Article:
10 Tips For Solving Crosswords


Many people think that looking up answers is taboo in crosswords. However, it is perfectly fine to look up a clue when you are stuck! Pay special attention to a clue that has a question mark. This is often a sign that the answer may be a pun or a misdirection.

1. Look at the grid.

Many crosswords use a grid with numbered rows and columns. The answers are entered into these cells according to a clue list. Clues in American-style crosswords are often simple definitions of the answers, or homonyms that fit. These can be a challenge for solvers to sort out. Solving a crossword puzzle involves solving a constraint satisfaction problem. This paper examines two approaches for solving such problems.

2. Look at the answers.

It’s important to look at the answers when you finish a jigsaw puzzle online. This can help you spot mistakes, and it can also help you solve other clues that intersect with those answers. Remember, it’s not cheating to look up an answer if you get stuck. In fact, it’s a good way to learn something new! Also, remember that answers often follow the same part of speech as the clue.

3. Look at the gimmes.

If you’re not sure of an answer to a clue, don’t be afraid to make a guess. Just be sure to lightly pencil in your entries. Pay attention to hints that describe foreign words or phrases. These may be easier to solve because they can help you eliminate other possible options. Also, look for answers that are shorter in length. They usually tend to be easier to solve than longer words.

4. Look at the down clues.

It’s no secret that crossword clues can be difficult. Sometimes it helps to start by looking at the down answers. If you’re unsure about a down answer, try making a guess. Just remember to lightly pencil in your entries so you can change them later. It’s also okay to look up words when solving a puzzle. This can help you understand cluing conventions and expand your vocabulary.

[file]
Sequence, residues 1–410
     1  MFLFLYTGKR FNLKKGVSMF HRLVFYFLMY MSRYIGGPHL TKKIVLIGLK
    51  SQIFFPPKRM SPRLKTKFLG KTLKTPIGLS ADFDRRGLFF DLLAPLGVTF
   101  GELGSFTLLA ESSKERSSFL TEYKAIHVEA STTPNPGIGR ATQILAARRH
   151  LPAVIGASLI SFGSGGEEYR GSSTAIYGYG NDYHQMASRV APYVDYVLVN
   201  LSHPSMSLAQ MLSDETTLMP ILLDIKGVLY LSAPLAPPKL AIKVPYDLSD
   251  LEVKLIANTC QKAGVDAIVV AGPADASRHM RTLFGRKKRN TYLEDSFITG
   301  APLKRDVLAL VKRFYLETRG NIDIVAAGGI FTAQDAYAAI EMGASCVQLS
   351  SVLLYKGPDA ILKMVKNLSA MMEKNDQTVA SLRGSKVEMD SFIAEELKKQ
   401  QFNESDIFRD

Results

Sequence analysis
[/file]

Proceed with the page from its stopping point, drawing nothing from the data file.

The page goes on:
5. Look at the up clues.

Many people think that looking up answers is cheating, but it can really help you to solve a puzzle. But only look up an answer when you absolutely can’t get it from your own mind. Look for answers with the fewest letters first. These words are often easier to guess and spell, which can speed up your solving time. Also, be on the lookout for short words that are made of common letters.

6. Look at the down answers.

While it can be tempting to skip past the down answers, this is a mistake. The down answers are often connected to the across clues, and filling in one answer can help you find others. It’s also not taboo to look up an answer from time to time. In fact, doing so can be a useful way to expand your vocabulary and learn new wordplay.

7. Look at the up answers.

Start with the three, four and five letter answers. These are usually easier to guess and can help you get a good rhythm going. Consider the tense of the clue and answer. Also look for foreign words or abbreviated answers. When you have a good idea of what could fit, fill it in lightly (if using a paper-based crossword) or enter it online. This will save you from getting stuck on a clue later.

8. Look at the down answers.

When you’re stuck, try looking at the down answers. You might be surprised that one of them is related to the clue you’re working on. Often, the down answers are easier to figure out than the across answers. It’s because most of them are “repeaters,” words that appear frequently in crosswords due to their grid-friendly letter patterns. The more you practise this strategy, the better your results will be.

9. Look at the up answers.

A good crossword puzzle will have a few fill-in-the-blank clues scattered throughout. Try to knock these out early so you can build up your confidence level. If you are stuck on a clue, take a break and return to it later. Often when you revisit a puzzle hours or days later, something jumps out at you and leads you to the solution.

10. Look at the down answers.

Even the most seasoned crossword veterans can benefit from a little help now and then. Tap into outside resources, such as a dictionary, thesaurus, quotation resource or atlas, and don’t be afraid to look up an answer. It’s not cheating if you do it properly, and you’ll probably learn something new in the process. Just make sure to pencil in any guessed answers lightly so you can erase them later.

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